print("Actual :     ", target_classes[Y_test[idx]])
print("Prediction : ", target_classes[int(preds.asnumpy()[0])])
Actual :      Sci/Tech
Prediction :  Sci/Tech

Below, we have first created an Explanation object by calling explain_instance() method on LimeTextExplainer object. We have provided selected a text example, a prediction function, and a target label. The explanation object has details about words contributing to prediction. Then, we have visualized the explanation object by calling show_in_notebook() method on it. We can notice from the visualization that words like 'software', 'technology', 'devices', 'wireless', 'management', 'departments', 'conference', etc are contributing to predicting target label as Sci/Tech.

explanation = explainer.explain_instance(X_test[idx], classifier_fn=make_predictions, labels=Y_test[idx:idx+1], num_features=15)
explanation.show_in_notebook()

MXNet: CNNs With Conv1D for Text Classification

Approach 2: Multiple Conv1D Layers (Max Tokens=50, Embedding Length=128, Conv Output Channels=[32,32])

Our approach in this section uses multiple convolution layers in CNN. The majority of code in this section is exactly the same as our previous section with only a change in network architecture where we are using two 1d convolution layers instead of one.

Define Network

Below, we have defined a network that we'll use for our classification task in this section. The network definition has one embedding layer, two convolution layers, and one dense layer. The input, as usual, is given to the embedding layer to generate embeddings which are given as input to the first convolution layer which has 32 output units, and applies kernel of shape 7 to input data. The max-pooling operation is applied to the output of the first convolution layer. The max pooled operation is given to the second convolution layer. We have then called max() function at the embedding dimension and given output to the dense layer. The output of the dense layer is a prediction of the network.

from mxnet.gluon import nn

embed_len = 128

class Conv1DTextClassifier(nn.Block):
    def __init__(self, **kwargs):
        super(Conv1DTextClassifier, self).__init__(**kwargs)
        self.word_embeddings = nn.Embedding(len(vocab), embed_len)

        self.conv1 = nn.Conv1D(channels=32, kernel_size=(7,), activation="relu", padding=(3,)) ## By default "NCW" is layout for CPU. On GPU, both "NCW" and "NWC" are supported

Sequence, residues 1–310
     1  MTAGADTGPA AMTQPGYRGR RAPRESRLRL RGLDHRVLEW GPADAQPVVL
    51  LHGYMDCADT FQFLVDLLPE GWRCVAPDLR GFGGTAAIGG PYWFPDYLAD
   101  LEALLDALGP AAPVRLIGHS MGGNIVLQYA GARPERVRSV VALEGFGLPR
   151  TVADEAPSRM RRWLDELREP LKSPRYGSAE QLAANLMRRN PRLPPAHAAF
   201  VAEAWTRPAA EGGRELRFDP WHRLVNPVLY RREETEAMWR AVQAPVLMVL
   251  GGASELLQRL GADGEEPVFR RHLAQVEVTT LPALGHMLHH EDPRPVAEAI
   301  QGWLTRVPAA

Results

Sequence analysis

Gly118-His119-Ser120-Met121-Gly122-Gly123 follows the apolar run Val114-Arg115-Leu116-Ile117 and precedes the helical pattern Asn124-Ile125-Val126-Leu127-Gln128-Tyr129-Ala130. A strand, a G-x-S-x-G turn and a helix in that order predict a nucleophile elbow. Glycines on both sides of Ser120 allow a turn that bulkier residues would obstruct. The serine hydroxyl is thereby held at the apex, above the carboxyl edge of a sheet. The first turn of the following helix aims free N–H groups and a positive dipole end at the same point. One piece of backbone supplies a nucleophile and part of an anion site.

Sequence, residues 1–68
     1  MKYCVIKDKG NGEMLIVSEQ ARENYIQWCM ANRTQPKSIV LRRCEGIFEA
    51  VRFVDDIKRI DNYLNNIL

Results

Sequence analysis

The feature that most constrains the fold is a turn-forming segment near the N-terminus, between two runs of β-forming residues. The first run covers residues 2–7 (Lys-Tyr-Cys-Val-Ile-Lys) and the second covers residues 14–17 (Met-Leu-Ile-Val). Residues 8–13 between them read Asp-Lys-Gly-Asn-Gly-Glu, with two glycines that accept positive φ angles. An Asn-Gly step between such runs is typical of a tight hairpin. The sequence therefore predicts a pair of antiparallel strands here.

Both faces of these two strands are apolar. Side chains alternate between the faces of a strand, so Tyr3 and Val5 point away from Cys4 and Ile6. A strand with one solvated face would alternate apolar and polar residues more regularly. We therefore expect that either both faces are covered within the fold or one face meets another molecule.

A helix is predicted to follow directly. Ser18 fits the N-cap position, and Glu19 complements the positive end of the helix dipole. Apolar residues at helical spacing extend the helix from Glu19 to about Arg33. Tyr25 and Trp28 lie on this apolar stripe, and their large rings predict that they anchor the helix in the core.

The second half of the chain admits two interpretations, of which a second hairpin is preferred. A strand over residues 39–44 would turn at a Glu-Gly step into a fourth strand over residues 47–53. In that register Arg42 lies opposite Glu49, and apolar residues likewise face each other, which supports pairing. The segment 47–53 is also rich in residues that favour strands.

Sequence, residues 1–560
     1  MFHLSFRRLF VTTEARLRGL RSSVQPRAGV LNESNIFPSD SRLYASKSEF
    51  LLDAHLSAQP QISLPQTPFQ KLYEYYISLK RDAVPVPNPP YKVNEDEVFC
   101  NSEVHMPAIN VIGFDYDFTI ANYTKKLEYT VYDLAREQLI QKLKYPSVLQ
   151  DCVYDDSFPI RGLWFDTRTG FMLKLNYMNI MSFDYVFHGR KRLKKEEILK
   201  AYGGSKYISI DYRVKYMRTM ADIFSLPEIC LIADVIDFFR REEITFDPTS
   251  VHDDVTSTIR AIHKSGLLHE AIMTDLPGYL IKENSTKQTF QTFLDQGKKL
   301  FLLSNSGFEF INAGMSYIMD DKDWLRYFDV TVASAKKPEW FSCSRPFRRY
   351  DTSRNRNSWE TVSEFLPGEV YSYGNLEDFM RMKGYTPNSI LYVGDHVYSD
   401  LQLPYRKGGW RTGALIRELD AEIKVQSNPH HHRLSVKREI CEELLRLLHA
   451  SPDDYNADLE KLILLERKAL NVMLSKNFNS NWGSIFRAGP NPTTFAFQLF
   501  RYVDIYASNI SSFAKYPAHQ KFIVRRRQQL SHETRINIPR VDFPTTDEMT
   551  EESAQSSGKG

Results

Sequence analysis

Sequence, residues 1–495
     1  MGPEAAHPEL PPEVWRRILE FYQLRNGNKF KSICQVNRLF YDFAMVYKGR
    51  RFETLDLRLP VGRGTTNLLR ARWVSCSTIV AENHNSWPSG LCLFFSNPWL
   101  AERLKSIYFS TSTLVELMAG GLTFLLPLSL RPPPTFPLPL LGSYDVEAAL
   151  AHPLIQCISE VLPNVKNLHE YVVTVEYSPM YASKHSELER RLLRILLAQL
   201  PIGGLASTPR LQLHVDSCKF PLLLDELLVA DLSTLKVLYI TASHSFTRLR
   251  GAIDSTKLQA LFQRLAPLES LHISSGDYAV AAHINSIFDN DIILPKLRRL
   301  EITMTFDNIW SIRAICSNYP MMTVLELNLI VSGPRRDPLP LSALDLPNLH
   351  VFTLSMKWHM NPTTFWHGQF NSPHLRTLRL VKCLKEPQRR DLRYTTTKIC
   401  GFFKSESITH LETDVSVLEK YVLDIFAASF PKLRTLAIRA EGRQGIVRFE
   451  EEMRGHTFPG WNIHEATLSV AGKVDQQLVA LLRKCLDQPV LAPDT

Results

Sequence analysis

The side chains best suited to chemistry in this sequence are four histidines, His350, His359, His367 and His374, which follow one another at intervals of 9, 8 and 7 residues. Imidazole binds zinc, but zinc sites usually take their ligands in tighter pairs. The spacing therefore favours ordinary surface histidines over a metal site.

self.max_pool = nn.MaxPool1D(pool_size=2) ## We can also try AvgPool
        self.conv2 = nn.Conv1D(channels=32, kernel_size=(7,), activation="relu", padding=(3,))

        self.linear1 = nn.Dense(len(target_classes))

    def forward(self, x):
        x = self.word_embeddings(x)
        x = x.reshape(len(x), embed_len, max_tokens) ## Embedding Length needs to be treated as channel dimension

        x = self.conv1(x)
        x = self.max_pool(x)
        x = self.conv2(x)

        x = x.max(axis=-1) ## Taking max at output channels level. Hence we'll have one max value per output channel.

        logits = self.linear1(x)
        return logits #nd.softmax(logits)

model = Conv1DTextClassifier()

model
Conv1DTextClassifier(
  (word_embeddings): Embedding(66505 -> 128, float32)
  (conv1): Conv1D(None -> 32, kernel_size=(7,), stride=(1,), padding=(3,), Activation(relu))
  (max_pool): MaxPool1D(size=(2,), stride=(2,), padding=(0,), ceil_mode=False, global_pool=False, pool_type=max, layout=NCW)
  (conv2): Conv1D(None -> 32, kernel_size=(7,), stride=(1,), padding=(3,), Activation(relu))
  (linear1): Dense(None -> 4, linear)
)
from mxnet import init, initializer

model.initialize(initializer.Xavier())

preds = model(nd.random.randint(1,len(vocab), shape=(10,50)))

preds.shape
(10, 4)
model.summary(nd.random.randint(1,len(vocab), shape=(10,50)))
--------------------------------------------------------------------------------
        Layer (type)                                Output Shape         Param #
================================================================================
               Input                                    (10, 50)               0